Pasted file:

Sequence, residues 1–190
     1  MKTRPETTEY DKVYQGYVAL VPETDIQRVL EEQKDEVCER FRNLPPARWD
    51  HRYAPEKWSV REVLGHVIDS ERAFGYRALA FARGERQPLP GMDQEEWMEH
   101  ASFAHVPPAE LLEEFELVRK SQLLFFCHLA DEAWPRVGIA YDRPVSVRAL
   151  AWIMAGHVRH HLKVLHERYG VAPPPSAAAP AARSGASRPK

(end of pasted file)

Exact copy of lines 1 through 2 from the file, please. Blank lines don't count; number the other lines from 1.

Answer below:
Sequence, residues 1–190
     1  MKTRPETTEY DKVYQGYVAL VPETDIQRVL EEQKDEVCER FRNLPPARWD